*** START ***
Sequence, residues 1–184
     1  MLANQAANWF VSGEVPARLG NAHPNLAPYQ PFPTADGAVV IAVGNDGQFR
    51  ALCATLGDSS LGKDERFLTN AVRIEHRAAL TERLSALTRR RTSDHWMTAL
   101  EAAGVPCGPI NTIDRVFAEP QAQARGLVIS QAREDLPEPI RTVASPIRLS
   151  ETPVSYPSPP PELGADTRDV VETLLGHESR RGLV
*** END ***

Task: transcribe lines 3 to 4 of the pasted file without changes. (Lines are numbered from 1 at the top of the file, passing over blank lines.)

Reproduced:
    51  ALCATLGDSS LGKDERFLTN AVRIEHRAAL TERLSALTRR RTSDHWMTAL
   101  EAAGVPCGPI NTIDRVFAEP QAQARGLVIS QAREDLPEPI RTVASPIRLS